Lateral line morphology, sensory perception and collective behaviour in African cichlid fish

Elliott Scott, Duncan E Edgley, Alan Smith, Domino A Joyce, Martin J Genner*, Christos C Ioannou*, Sabine Hauert*

*Corresponding author for this work

Research output: Contribution to journalArticle (Academic Journal)peer-review

6 Citations (Scopus)
50 Downloads (Pure)

Abstract

The lateral line system of fishes provides cues for collective behaviour, such as shoaling, but it remains unclear how anatomical lateral line variation leads to behavioural differences among species. Here we studied associations between lateral line morphology and collective behaviour using two morphologically divergent species and their second-generation hybrids. We identify collective behaviours associated with variation in canal and superficial lateral line morphology, with closer proximities to neighbouring fish associated with larger canal pore sizes and fewer superficial neuromasts. A mechanistic understanding of the observed associations was provided by hydrodynamic modelling of an artificial lateral line sensor, which showed that simulated canal-based neuromasts were less susceptible to saturation during unidirectional movement than simulated superficial neuromasts, while increasing the canal pore size of the simulated lateral line sensor elevated sensitivity to vortices shed by neighbouring fish. Our results propose a mechanism behind lateral line flow sensing during collective behaviour in fishes.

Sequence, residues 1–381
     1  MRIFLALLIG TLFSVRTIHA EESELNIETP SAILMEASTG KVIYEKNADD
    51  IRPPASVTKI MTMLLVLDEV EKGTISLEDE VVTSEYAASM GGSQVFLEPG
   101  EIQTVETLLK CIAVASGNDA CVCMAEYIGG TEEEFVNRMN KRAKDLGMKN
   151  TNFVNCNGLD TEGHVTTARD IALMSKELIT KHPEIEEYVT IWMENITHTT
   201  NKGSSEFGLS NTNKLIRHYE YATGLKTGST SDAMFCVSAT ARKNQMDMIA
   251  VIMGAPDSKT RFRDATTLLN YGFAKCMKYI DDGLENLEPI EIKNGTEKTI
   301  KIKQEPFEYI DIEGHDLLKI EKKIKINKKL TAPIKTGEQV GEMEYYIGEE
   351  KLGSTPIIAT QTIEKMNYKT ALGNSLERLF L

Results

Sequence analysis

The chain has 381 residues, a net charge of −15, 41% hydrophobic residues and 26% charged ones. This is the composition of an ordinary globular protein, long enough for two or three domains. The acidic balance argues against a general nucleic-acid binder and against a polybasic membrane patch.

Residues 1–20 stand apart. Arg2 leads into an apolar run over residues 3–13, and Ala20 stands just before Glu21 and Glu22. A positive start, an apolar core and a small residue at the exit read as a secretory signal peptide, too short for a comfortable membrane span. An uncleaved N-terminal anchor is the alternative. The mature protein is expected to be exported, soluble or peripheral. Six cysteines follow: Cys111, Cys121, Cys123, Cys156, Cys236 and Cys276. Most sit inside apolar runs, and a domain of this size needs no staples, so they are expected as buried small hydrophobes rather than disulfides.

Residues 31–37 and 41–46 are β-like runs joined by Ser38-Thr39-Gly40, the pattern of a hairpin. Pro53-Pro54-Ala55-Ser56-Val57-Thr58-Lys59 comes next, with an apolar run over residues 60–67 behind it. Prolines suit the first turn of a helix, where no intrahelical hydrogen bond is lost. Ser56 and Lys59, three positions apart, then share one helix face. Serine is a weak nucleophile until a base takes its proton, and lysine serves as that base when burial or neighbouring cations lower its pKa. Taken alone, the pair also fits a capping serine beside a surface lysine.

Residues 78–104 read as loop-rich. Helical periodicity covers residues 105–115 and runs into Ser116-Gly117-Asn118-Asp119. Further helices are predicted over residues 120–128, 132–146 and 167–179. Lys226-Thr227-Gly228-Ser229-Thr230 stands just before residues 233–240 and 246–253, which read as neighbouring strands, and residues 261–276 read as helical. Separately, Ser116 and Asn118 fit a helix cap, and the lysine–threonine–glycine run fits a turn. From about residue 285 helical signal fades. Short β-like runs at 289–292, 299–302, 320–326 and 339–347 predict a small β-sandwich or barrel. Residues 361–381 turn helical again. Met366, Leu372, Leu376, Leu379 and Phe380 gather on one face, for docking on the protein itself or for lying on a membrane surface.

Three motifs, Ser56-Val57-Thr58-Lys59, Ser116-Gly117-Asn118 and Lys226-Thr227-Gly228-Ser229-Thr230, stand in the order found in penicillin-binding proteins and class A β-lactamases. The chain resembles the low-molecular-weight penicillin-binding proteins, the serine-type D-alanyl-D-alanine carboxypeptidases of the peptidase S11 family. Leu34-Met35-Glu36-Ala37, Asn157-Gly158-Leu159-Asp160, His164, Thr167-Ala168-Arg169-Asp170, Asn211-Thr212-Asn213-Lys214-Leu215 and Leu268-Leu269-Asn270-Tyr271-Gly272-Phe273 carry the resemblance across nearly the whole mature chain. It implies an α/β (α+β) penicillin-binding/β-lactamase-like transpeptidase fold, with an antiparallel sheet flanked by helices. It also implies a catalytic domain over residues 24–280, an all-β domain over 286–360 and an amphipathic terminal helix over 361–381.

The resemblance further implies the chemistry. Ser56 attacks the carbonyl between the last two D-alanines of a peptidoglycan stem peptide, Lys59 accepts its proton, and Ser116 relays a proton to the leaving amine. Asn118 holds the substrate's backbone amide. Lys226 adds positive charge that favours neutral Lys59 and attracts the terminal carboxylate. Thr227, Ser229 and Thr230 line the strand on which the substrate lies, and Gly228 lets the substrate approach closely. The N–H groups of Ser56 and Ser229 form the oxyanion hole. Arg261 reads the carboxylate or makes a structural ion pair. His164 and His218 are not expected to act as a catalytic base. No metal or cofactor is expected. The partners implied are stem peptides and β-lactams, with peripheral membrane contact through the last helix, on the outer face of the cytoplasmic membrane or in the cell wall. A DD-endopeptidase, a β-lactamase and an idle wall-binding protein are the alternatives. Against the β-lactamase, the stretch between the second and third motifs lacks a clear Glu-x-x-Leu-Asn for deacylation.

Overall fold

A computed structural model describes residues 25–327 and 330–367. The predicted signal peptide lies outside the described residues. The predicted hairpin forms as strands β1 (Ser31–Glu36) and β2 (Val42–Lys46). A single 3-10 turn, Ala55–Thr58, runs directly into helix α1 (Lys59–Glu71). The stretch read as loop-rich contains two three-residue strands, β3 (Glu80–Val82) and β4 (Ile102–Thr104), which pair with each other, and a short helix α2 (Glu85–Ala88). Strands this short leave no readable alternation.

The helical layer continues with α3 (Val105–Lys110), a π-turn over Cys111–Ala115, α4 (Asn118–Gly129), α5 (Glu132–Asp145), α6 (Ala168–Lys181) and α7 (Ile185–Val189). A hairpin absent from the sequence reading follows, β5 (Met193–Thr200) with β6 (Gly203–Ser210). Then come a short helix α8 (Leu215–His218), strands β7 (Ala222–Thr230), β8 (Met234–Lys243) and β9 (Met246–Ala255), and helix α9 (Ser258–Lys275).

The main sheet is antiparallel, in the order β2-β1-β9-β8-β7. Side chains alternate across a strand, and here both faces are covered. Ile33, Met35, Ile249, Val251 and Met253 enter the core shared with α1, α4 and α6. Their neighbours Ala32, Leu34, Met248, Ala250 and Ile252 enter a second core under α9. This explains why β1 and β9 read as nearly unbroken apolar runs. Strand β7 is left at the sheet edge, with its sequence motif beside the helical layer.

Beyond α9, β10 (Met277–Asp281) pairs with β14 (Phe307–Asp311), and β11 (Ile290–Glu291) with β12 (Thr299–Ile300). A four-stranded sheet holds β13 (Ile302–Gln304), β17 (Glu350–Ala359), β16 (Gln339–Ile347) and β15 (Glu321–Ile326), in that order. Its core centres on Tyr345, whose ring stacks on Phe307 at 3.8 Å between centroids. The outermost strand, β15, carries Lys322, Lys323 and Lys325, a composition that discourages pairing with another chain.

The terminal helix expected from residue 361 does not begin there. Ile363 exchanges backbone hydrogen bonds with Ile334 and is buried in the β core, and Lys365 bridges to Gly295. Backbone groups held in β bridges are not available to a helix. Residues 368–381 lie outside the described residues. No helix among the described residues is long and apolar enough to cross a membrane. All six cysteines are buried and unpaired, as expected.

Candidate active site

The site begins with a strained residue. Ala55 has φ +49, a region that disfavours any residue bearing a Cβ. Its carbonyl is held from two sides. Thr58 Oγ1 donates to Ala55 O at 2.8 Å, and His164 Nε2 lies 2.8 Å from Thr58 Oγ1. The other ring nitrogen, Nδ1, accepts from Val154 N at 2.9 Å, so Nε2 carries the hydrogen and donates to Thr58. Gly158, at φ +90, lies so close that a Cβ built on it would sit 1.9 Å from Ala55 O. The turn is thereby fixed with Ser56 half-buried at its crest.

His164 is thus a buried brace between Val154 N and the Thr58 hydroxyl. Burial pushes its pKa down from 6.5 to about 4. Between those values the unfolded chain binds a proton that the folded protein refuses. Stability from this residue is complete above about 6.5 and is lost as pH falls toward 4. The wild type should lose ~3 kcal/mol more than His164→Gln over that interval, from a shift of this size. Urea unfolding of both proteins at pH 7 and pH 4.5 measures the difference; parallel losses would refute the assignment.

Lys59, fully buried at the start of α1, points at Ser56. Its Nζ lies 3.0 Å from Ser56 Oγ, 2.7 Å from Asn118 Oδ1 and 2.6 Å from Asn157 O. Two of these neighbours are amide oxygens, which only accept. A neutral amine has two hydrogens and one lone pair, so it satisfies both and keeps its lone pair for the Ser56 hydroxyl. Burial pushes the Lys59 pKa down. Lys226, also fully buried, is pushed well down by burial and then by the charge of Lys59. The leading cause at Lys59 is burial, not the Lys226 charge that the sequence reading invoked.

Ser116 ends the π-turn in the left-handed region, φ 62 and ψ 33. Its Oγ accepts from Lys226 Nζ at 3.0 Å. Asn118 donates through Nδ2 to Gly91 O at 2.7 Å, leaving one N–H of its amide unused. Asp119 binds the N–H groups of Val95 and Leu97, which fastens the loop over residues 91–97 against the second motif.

Original languageEnglish
Article number221478
JournalRoyal Society Open Science
Volume10
Issue number1
DOIs
Publication statusPublished - 25 Jan 2023

Bibliographical note

Funding Information:
E.S. was supported by an EPSRC Doctoral Training Partnership studentship from the Engineering and Physical Sciences Research Council (grant no. S106111-163). D.E.E. was supported by a NERC GW4+ Doctoral Training Partnership studentship from the Natural Environment Research Council (grant no. NE/L002434/1). This work was also supported by a research grant from HFSP (ref. no. RGP0010/2020). Acknowledgements

Publisher Copyright:
© 2023 The Authors.

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